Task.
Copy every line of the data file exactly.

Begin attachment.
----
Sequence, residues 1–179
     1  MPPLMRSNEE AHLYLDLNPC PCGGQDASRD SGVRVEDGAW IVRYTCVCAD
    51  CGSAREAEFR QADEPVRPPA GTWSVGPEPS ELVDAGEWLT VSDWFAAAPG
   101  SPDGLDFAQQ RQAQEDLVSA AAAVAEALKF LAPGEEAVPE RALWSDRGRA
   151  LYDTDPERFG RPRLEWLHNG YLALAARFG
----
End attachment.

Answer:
Sequence, residues 1–179
     1  MPPLMRSNEE AHLYLDLNPC PCGGQDASRD SGVRVEDGAW IVRYTCVCAD
    51  CGSAREAEFR QADEPVRPPA GTWSVGPEPS ELVDAGEWLT VSDWFAAAPG
   101  SPDGLDFAQQ RQAQEDLVSA AAAVAEALKF LAPGEEAVPE RALWSDRGRA
   151  LYDTDPERFG RPRLEWLHNG YLALAARFG